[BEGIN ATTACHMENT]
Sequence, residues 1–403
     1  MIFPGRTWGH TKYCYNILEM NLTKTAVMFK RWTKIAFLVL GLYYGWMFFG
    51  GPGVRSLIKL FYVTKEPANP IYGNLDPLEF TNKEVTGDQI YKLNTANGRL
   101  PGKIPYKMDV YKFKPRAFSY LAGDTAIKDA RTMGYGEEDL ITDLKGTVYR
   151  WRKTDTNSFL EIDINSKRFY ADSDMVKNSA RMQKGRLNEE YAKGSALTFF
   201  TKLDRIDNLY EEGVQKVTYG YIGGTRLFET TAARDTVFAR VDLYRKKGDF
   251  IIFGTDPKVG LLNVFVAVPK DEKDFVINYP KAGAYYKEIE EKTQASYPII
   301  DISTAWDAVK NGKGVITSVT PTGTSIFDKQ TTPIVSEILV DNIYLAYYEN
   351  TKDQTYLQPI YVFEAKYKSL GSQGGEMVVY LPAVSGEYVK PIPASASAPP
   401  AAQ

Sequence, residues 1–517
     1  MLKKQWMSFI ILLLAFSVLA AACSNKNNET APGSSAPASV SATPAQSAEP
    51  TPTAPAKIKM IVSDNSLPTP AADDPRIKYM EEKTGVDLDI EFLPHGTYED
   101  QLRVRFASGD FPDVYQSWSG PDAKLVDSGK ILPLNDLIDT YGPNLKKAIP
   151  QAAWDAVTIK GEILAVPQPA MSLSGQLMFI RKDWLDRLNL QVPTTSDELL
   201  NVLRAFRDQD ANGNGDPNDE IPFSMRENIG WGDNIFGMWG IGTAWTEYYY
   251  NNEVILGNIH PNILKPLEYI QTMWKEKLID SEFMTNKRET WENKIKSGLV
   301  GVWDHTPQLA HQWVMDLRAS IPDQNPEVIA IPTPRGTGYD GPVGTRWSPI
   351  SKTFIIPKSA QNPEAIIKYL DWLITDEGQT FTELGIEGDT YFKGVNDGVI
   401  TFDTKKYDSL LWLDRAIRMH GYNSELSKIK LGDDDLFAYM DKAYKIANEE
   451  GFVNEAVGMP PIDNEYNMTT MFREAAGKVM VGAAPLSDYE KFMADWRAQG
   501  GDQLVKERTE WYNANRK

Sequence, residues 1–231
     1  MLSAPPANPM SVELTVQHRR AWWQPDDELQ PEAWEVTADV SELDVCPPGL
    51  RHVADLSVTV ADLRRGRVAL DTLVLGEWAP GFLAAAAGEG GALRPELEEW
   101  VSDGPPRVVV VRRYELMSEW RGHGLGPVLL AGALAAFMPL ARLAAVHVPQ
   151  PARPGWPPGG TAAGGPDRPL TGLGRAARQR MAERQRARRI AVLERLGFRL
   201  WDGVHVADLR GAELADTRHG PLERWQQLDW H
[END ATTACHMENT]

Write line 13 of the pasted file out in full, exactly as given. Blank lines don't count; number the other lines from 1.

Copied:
    51  TPTAPAKIKM IVSDNSLPTP AADDPRIKYM EEKTGVDLDI EFLPHGTYED